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Discussion in 'iPhone' started by thomasfxlt, Oct 3, 2007.
"But Apple has said it is neutral about hacking. Greg Joswiak, Apple's vice president of hardware product marketing, told PC Magazine that Apple wasn't hostile to hackers, but wouldn't support them either."
K, can we put the debate to rest now?
It's there in black and white.
What about Jobs' "Cat and mouse" statement?
That cat and mouse statement was about unlocking phones - not hacking them for apps.
This is a great article; makes a lot of sense.
For the record I love my unhacked iPhone.
Once again people are tossing two issues into one basket. There is an huge difference between unlocking phones for different cellular companies and hacking them for apps for the owner/user.
One Apple legally must (at least publicly) defend because they are contractually obligated to and it costs them money. The other does not and can only benefit the owner/user.
Great...just when the popcorn's done and I've got a cold brewski ready, someone decides to ruin the party by throwing common sense and logic into it. I'd say it was fun while it lasted, but I know some people just can't let go...
Me too . I do wish it had some things that it doesnt as of yet, and im always ready and looking forward to a new update to it, but that doesnt make me love it any less.
I stood in line to pay $600 for an unhacked iPhone with no 3rd party apps. I loved it then.
Guess what..........I still love my iPhone.
good little read
If they aren't targeting 3rd party apps, why did the update lock them and make them unaccessible, instead of erasing them?
apple stock owners always have the idea that is anti-end users, am I surprised? not really
What a bunch of you know what in that article. Kids.
It's obvious that Apple simply doesn't have the brightest people working on the iPhone right now.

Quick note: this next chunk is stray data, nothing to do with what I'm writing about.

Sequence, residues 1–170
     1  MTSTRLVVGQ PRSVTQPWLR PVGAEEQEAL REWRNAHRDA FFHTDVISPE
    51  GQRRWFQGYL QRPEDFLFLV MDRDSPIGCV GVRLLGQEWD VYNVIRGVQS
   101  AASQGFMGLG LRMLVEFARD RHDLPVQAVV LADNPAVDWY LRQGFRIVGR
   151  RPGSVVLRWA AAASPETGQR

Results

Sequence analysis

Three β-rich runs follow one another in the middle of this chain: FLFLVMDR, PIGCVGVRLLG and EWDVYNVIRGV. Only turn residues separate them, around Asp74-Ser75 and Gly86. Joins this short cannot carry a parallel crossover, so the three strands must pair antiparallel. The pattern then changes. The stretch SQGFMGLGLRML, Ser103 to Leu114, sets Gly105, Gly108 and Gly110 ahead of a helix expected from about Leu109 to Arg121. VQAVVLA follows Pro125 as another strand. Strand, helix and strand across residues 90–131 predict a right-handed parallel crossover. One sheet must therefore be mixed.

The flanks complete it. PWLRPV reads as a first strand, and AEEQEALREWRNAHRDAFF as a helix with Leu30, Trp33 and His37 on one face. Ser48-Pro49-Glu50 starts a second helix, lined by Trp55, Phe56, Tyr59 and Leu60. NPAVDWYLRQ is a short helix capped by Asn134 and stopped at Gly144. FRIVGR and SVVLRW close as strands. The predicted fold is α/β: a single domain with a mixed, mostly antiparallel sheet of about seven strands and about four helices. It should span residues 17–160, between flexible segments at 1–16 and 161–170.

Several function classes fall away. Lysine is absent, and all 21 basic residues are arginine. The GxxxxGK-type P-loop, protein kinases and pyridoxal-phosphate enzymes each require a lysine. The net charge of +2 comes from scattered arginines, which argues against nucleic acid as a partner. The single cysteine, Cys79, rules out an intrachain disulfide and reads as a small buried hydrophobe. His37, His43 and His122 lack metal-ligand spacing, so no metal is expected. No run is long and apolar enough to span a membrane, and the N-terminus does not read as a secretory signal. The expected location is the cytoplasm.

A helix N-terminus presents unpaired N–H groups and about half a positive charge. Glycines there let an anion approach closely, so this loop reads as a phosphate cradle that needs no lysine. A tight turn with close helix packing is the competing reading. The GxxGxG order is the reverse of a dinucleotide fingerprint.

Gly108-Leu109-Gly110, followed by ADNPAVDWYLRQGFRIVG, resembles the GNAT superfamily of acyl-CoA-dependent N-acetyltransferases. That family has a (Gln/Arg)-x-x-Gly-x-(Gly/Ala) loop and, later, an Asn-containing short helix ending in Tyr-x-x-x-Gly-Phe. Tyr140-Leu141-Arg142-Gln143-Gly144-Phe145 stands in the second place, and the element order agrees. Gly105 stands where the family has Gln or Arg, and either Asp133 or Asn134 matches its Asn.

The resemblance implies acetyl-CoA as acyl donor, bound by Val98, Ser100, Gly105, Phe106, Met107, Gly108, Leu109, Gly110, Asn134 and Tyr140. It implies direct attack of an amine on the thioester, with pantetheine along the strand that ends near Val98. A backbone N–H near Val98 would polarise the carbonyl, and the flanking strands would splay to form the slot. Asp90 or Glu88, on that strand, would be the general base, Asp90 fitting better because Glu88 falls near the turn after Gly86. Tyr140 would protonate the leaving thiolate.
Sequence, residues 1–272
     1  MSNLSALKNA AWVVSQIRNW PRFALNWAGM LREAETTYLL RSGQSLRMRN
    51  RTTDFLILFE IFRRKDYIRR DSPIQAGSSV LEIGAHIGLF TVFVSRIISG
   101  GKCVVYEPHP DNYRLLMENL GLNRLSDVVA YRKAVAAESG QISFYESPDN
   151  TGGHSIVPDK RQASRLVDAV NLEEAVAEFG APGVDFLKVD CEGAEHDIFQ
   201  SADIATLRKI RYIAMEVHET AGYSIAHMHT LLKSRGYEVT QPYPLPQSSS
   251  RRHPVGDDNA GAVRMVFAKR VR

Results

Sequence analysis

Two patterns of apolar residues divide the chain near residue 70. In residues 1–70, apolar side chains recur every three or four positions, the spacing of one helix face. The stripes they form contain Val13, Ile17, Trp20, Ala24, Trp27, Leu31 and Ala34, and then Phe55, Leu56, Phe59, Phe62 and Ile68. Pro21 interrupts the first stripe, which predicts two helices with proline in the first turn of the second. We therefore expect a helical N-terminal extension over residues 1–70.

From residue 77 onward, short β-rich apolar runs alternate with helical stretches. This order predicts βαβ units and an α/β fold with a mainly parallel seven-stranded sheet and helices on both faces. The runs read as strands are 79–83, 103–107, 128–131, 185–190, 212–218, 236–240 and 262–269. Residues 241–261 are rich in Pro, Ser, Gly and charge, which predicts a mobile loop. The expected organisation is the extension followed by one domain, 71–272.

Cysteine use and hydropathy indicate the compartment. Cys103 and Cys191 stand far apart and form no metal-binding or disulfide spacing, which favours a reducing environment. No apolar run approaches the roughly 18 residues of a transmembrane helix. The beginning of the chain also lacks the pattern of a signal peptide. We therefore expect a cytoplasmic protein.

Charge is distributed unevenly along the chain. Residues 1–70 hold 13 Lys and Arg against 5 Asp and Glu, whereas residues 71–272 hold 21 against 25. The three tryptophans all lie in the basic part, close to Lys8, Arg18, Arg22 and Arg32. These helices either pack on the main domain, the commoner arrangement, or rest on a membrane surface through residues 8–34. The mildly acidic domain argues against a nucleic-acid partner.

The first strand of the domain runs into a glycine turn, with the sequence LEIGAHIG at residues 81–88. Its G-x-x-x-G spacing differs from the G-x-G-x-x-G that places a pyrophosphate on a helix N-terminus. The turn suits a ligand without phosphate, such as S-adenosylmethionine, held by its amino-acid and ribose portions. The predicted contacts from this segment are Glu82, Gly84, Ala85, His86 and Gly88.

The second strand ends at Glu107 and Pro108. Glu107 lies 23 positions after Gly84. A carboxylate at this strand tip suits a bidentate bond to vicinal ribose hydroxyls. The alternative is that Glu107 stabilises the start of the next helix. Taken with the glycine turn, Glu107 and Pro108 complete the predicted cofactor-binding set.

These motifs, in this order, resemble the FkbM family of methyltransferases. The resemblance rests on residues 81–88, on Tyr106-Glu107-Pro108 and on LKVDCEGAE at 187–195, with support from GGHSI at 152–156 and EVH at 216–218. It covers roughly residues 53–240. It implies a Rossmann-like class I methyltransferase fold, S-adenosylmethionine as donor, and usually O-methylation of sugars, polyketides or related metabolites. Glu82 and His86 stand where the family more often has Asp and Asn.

I agree, if they wanted to brick phones, they could do a better job. But they sure didn't want to do that, not with possibly tens of thousands of unlocked phones. Talk about a worldwide (not necessarily in the US) PR disaster.
OTOH, I've said before that they could've also gone the other way and easily not mucked up any mod'd or unlocked phones at all. They didn't do that either. So either they did it on purpose (probably not) or they've just got junior programmers working on it.
Did you read the article?
The software on the phone - the actual OS - was a temp hack until the last update. So the hacks were written for unfinished software.
I'm glad WIRED posted this. Hopefully people will remain quite now.
You honestly fell there are tens of thousands of unlocked iPhones? Tens of thousands?
Only a million had sold right after the price drop.
Junior programmers to close easy flaws that were left open? Why criticize the Apple programmers? Because they didn't do more?
Lol. Since when has wired.com's opinion meant anything? And to make their point, they use a blog contributor opinions?
Great article. Makes lots of sense.
I wonder what the ETA is on a "finished" iPhone OS? Clearly this effort will ramp up post Leopard. There was the rumor of a full iWork Suite on iPhone AND full Cocoa apps certified by Apple around the Leopard launch. That rumor came 2 days before the iPhone launch. So maybe we'll see a "finished" iPhone before years end?
If not, January MacWorld perhaps?
I don't think it's so much that apple doesn't have the brightest people working on the iphone or that "junior" programmers are working on it. More likely, IMO, is that the talent at apple is just stretched really thin right now. A lot of the same people are probably working on the software having to do with Leopard, the "touch" version of OS X, the ipod OS and patches/updates on top of that. That's quite a lot to deal with- all of it probably fairly challenging work.